Despite being awarded the maximum 5-star safety rating, the Model S actually achieved 5.4 stars overall, when all subcategory scores were combined.
Tesla attributes the success to its electric engine, which the carmaker says is around 30cm in diameter, eliminating the need for the large (and heavy) engine block necessary for an internal combustion engine.
Being rear-engined also means the Model S has a much more generous crumple zone, eliminating the chances of an engine intruding into the cabin and injuring passengers during a high speed frontal impact.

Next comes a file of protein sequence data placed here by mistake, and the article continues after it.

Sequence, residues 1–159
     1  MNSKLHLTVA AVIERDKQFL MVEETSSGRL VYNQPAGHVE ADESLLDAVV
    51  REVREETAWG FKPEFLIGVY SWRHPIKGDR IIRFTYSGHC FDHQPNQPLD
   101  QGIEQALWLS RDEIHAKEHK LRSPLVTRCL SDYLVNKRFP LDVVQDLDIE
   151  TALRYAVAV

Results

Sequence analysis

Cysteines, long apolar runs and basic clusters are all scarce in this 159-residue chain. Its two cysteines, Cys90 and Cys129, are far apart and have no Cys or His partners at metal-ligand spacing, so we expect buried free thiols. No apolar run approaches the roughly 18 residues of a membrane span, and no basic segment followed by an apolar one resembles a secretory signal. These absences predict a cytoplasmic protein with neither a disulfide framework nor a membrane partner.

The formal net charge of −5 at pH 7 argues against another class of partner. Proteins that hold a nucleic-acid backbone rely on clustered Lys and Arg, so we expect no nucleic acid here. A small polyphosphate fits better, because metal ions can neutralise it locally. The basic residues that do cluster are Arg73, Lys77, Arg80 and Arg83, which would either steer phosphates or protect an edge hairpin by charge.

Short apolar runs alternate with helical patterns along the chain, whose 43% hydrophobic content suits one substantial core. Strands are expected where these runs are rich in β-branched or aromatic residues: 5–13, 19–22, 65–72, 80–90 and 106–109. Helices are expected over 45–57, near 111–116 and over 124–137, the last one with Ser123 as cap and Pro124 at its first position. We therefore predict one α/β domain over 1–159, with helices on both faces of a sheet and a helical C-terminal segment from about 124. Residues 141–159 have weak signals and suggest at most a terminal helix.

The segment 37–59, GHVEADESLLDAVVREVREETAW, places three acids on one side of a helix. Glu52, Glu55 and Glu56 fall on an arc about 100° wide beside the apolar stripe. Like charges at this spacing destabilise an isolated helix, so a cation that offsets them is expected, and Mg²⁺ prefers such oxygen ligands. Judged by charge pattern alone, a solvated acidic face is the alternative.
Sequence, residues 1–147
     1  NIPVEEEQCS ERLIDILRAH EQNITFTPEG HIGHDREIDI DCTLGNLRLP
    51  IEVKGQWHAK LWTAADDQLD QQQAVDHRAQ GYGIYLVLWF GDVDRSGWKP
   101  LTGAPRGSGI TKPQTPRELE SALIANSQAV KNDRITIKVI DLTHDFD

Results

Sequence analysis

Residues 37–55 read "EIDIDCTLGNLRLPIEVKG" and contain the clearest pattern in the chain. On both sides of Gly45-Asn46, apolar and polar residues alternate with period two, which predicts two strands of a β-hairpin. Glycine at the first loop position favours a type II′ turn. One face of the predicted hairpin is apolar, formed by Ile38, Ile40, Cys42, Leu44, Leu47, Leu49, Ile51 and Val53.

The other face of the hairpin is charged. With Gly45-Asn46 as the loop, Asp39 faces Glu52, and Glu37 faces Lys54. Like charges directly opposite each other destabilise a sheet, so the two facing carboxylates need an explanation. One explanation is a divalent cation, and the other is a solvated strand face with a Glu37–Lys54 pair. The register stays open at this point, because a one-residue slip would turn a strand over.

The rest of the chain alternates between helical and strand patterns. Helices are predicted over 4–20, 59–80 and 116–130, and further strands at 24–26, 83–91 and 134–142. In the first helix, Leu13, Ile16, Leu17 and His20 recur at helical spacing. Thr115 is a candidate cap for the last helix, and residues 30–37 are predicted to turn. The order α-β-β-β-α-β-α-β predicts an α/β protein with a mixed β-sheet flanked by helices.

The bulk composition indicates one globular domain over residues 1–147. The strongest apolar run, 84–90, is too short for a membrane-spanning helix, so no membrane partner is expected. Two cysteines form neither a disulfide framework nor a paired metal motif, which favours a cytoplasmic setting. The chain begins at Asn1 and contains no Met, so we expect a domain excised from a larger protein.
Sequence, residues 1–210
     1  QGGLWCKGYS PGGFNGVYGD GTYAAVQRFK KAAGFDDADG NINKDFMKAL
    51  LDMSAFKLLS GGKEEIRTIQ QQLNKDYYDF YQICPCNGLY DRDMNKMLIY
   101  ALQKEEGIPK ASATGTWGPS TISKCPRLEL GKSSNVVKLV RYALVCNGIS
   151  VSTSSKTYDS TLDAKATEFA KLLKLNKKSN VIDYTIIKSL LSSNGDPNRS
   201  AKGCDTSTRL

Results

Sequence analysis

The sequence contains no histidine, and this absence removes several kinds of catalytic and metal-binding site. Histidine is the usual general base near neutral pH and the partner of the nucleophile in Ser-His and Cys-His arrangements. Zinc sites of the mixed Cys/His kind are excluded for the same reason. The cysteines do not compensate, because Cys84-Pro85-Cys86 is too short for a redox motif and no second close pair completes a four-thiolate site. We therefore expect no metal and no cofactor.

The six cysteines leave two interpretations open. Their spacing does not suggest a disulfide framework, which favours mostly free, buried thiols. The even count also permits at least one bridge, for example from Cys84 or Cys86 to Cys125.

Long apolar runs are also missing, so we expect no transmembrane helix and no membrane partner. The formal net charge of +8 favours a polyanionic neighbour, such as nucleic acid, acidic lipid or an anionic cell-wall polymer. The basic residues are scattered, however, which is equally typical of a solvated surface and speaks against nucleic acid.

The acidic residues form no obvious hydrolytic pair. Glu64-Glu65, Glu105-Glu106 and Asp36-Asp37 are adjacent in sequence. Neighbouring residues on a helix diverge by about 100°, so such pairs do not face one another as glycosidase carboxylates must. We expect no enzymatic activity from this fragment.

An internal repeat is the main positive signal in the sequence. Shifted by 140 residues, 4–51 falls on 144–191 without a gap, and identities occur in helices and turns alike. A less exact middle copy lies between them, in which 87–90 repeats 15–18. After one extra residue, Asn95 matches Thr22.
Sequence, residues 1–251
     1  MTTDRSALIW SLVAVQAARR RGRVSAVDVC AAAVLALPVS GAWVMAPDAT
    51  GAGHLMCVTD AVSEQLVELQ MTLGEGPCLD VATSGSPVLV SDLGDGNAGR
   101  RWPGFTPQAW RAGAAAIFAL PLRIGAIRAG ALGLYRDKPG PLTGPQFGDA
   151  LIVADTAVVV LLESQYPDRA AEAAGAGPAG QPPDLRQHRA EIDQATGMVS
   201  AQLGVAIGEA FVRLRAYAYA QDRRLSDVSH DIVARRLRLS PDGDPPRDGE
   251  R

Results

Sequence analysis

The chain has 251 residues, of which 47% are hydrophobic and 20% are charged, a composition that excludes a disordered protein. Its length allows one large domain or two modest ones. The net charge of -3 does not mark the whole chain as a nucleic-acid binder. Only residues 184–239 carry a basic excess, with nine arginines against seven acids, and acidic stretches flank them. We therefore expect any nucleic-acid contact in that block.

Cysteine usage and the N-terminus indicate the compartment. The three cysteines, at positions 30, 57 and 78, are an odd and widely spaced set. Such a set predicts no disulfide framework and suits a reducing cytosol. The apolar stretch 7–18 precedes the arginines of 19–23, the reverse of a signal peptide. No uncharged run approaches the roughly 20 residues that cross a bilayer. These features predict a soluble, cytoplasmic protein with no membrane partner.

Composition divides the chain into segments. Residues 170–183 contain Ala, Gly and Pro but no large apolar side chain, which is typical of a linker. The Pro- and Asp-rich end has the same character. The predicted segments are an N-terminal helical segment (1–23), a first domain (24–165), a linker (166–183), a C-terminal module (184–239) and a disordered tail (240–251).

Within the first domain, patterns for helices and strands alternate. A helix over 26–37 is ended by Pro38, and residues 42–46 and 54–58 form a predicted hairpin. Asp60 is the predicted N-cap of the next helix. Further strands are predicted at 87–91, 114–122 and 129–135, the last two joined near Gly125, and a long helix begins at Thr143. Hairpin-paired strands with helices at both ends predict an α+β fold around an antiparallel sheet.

“Just like jumping into a pool of water from a tall height, it is better to have the pool be deep and not contain rocks,” a statement from Tesla said.
The small electric engine fared well in a highway-speed rear collision, as Tesla fits a double rear bumper to all Model S variants when the optional third-row seating is fitted.
Excellent results were also achieved in the side pole test and rollover risk, with the Model S proving extremely difficult to roll due to the battery-pack’s location below the floor pan, providing a very low centre of gravity.
Tesla has confirmed that Australian deliveries of its Model S will begin in around March next year, with final pricing yet to be confirmed.
MORE: About the Tesla Model S.
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